Visit the Greene Land Trust Maps to see the Natural Resource Maps of Greene County.
Some 12,000 years ago, Paleoindian groups hunted caribou on the lands that later became the Town of Coxsackie. They mined and worked the high-quality chert they found here into flint tools and weapons, using pits, quarries, workshops, and camps that are still being found today. Later Coxsackie was settled by an Algonquin tribe inhabiting the upper Hudson River Valley. Like the Paleoindian peoples before them, this tribe also mined and worked toolstone.
Flint Mine Hill, located approximately 800 ft. from the Hecate plant, was one of the most active mining sites in the region; flint tools and weapons from the mines have been found in several northeastern states, and artifacts are scattered throughout the area, particularly in the vicinity of Flint Mine Hill. The word “Coxsackie” derives from an Algonquian term to which several means have been attributed, the most common being “place of owls” and “owl’s hoot.”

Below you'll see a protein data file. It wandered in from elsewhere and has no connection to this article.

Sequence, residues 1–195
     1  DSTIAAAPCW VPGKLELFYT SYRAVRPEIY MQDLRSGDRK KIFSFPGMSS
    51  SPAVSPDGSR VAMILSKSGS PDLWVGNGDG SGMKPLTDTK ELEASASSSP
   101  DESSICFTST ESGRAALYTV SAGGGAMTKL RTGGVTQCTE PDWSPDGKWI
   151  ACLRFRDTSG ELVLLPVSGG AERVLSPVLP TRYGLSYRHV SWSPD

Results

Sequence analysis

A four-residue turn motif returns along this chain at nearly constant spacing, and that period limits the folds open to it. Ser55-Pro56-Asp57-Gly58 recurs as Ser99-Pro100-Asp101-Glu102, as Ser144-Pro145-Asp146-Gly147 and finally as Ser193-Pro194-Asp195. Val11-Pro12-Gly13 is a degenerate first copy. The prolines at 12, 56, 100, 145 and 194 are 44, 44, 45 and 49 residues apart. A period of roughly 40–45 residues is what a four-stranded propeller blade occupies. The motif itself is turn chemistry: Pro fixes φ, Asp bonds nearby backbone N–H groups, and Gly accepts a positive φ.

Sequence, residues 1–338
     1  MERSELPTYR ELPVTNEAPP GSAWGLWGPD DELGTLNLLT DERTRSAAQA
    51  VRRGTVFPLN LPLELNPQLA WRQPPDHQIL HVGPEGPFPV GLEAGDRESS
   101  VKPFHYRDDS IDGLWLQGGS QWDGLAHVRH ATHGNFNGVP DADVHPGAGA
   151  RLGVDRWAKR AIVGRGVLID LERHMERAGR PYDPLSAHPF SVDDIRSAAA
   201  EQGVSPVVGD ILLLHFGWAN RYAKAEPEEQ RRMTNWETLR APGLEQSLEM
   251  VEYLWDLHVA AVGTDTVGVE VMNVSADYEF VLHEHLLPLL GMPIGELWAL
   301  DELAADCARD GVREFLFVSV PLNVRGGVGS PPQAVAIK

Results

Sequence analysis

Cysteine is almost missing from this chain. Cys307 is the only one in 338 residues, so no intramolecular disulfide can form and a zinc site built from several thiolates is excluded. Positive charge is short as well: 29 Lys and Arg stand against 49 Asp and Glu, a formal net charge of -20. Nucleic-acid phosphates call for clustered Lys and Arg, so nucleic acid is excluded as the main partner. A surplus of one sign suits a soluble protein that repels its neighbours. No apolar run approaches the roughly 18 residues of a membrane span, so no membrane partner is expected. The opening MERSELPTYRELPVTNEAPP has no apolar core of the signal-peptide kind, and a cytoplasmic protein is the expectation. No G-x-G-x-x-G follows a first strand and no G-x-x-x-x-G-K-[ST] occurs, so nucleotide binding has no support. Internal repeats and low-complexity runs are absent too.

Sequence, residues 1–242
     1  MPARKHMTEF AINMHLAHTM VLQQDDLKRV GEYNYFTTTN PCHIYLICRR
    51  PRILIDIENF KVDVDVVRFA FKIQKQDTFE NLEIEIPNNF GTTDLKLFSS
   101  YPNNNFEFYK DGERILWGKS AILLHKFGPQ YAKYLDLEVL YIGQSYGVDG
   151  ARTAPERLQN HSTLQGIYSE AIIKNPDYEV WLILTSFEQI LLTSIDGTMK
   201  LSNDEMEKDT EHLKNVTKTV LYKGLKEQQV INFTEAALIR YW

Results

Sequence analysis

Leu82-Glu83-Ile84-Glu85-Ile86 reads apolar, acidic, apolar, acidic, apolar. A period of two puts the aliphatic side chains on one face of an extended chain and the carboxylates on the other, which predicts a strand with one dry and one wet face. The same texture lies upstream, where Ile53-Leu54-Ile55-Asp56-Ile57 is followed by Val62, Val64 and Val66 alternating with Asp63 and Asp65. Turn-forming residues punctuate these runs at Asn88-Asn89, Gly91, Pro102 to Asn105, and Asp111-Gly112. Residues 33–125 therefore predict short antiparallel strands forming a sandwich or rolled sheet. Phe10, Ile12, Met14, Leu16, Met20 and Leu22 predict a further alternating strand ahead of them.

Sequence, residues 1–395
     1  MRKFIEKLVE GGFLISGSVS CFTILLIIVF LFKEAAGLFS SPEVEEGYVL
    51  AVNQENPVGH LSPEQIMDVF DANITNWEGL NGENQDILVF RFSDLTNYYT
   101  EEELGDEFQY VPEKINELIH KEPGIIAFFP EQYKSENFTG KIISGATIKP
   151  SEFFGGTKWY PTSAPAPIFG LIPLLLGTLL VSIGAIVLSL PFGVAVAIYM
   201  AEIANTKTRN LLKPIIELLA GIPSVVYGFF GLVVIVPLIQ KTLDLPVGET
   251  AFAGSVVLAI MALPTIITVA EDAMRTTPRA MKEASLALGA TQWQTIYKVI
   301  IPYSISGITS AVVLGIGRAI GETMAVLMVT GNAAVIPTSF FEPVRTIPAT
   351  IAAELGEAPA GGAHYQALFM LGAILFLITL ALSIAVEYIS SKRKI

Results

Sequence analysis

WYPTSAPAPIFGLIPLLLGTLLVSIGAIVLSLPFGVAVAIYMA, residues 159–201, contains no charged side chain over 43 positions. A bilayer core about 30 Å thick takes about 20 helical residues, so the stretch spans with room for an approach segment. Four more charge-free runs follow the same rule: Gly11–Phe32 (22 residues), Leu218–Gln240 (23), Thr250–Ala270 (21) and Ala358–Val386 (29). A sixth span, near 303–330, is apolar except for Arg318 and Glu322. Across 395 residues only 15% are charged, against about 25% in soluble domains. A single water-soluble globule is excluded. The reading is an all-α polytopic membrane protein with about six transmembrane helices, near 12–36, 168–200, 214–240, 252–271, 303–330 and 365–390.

The first European settlers arrived in this area over 350 years ago, when Pieter Bronck purchased land from the Katskill Indians and built a farmstead in what is now West Coxsackie. The original farmstead house remains one of the oldest houses in upstate New York and is now a museum included on a tour of U.S. National Historic Landmark structures (Greene County Historical Society).
Coxsackie formed a town government in 1772 and formally became a town in 1788. Coxsackie gradually developed from a farming community into a thriving modern town featuring a historical downtown district; in recent years the town has become home to four wedding venues who contribute actively to the town’s economy and character. Today agriculture remains an essential component of community life due to the productive soil found in some flat areas of the town, and to the beautiful views enjoyed by tourists and locals alike.
A partial listing of regional resources promoting
agriculture in our region.